linuxphoney: In fact that is happening, but it’s not happening that often . A friend just did a trial and it was one of the first trials in our state where wifi data was used to try to establish where someone was. great in theory because you and I both understand how wifi works. But in practice 12 people were in a room arguing about how THEY thoughts wifi worked and it almost derailed the case. So in some cases it’s because even if you THINK it might work to protect you, it might not.
Croodi_: I guess it’s because you could just give your phone to an accomplice who sounds like you, and then commit a crime ?
Bonca1222: Seeing a lot of “It just proves where your phone is”. If the crime isn’t pre-meditated that’s a huge boost to your case. Then the prosecution has to prove that you not only committed the crime, but thought about it long before you actually committed it.
two__sheds: This is literally the only reason I leave my location tracking on. I watch a lot of murdery shows and I’m always amazed when people can produce receipts and come up with alibis. I’d be like “Where was I on January 18th? Probably binge watching Forensic Files and knitting by myself for 8 hours.”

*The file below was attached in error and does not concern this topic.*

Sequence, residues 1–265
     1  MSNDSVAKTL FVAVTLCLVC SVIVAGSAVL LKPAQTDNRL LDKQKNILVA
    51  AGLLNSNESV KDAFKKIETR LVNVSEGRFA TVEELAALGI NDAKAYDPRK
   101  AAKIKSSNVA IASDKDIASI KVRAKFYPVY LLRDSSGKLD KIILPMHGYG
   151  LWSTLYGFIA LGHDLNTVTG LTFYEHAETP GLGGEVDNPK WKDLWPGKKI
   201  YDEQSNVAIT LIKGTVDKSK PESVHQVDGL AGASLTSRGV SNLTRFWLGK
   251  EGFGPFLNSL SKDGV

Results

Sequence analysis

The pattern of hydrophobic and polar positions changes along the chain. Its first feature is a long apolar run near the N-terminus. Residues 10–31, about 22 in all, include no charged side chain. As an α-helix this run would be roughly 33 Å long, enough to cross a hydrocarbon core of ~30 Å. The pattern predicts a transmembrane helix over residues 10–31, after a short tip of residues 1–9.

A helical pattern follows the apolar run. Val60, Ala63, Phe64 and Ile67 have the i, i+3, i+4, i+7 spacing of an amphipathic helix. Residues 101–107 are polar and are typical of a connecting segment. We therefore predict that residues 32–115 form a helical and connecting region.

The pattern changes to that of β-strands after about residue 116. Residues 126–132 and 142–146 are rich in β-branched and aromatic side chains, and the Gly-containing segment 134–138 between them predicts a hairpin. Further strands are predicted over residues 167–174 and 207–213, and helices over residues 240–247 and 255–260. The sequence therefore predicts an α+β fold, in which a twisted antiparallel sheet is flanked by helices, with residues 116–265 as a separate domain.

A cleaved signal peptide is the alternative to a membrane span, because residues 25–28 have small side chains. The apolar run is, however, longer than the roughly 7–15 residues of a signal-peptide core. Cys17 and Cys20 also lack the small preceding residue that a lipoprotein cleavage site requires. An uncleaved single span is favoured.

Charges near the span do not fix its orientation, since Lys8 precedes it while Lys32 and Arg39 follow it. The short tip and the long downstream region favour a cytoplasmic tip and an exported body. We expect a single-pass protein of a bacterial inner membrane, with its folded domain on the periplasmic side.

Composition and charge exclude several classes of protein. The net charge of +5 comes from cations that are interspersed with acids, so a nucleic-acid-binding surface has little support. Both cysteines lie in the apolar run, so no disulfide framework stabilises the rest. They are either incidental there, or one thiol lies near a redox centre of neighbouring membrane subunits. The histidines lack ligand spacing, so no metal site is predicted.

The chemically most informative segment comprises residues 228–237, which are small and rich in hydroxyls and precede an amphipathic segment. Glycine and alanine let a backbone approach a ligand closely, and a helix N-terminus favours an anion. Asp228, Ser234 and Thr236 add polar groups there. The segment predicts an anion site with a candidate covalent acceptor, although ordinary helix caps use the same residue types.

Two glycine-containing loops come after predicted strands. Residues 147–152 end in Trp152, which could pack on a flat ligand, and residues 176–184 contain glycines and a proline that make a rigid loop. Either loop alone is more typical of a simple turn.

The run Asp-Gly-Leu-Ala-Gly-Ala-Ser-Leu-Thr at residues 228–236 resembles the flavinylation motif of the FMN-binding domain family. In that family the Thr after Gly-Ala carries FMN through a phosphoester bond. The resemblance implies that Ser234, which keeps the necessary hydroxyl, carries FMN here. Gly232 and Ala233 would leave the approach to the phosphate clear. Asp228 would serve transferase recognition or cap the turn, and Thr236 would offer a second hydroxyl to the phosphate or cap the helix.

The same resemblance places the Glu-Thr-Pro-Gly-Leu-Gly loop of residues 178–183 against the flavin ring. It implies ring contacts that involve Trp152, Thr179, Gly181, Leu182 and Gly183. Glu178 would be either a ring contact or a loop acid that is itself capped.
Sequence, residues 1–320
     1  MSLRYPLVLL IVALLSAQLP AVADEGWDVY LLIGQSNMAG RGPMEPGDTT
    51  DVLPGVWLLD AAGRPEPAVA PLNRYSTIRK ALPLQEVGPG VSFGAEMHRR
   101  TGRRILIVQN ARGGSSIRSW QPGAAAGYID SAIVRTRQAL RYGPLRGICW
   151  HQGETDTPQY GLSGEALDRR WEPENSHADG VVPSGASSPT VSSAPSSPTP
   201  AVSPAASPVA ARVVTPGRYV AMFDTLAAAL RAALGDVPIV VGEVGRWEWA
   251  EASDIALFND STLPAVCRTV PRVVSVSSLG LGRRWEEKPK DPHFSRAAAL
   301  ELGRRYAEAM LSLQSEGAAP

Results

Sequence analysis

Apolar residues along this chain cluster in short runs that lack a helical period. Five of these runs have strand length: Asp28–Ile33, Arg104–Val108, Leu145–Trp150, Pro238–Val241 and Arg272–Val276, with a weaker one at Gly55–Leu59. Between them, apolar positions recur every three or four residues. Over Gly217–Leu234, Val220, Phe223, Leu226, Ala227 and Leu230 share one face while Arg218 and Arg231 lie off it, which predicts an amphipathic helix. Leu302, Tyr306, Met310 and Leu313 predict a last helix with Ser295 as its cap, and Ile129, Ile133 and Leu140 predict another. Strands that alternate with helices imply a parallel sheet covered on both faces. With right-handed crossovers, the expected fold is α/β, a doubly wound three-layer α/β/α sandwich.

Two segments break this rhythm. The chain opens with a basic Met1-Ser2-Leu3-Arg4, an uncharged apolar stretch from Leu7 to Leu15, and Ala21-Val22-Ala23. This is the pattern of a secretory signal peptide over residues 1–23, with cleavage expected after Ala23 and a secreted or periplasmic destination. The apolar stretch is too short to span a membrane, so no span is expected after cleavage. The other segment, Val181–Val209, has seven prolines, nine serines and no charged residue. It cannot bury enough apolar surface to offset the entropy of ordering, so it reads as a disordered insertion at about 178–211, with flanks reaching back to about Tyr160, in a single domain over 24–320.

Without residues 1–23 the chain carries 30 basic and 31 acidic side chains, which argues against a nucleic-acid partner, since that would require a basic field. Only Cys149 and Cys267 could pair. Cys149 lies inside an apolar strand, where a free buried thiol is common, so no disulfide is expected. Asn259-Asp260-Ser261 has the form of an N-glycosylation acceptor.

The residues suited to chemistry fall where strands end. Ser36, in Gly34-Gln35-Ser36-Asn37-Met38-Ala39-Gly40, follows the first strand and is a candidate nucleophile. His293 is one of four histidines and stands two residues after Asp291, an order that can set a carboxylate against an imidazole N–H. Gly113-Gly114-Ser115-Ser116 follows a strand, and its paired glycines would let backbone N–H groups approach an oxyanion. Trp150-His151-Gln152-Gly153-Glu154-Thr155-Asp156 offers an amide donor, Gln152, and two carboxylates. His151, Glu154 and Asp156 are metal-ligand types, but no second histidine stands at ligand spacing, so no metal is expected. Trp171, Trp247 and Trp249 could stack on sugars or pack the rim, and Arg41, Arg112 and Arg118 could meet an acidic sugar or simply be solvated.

dunkm1n: I was handcuffed and accused of theft by a group of guys in university…. I was actually at the same bar as my accusers at the suspected time it happened. Got out of it by showing the police my google maps timeline. The data collection is a double edged sword
captmakr: I’d also point out that your phone location doesn’t actually prove you were with your phone.
soupvsjonez: IIRC there was a guy about five years ago in prison for murder who was trying to subpeona his NSA records to show that he wasn’t at the scene of the crime when it occurred.
senatorskeletor: I never dealt with this myself in my own practice (I did civil litigation where this is generally unnecessary) but I don’t see any reason you can’t subpoena a tech company to get data.